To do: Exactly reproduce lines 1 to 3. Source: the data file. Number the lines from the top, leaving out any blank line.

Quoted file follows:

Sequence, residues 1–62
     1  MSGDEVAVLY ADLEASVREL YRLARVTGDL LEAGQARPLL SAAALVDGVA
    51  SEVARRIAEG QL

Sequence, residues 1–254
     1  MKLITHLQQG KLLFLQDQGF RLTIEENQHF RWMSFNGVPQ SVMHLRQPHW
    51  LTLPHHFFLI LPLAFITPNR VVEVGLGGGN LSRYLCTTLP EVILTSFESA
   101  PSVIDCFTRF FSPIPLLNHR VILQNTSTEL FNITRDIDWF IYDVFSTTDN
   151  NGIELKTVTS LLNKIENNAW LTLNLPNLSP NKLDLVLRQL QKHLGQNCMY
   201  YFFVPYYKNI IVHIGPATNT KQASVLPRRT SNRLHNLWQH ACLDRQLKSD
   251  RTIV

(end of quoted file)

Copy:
Sequence, residues 1–62
     1  MSGDEVAVLY ADLEASVREL YRLARVTGDL LEAGQARPLL SAAALVDGVA
    51  SEVARRIAEG QL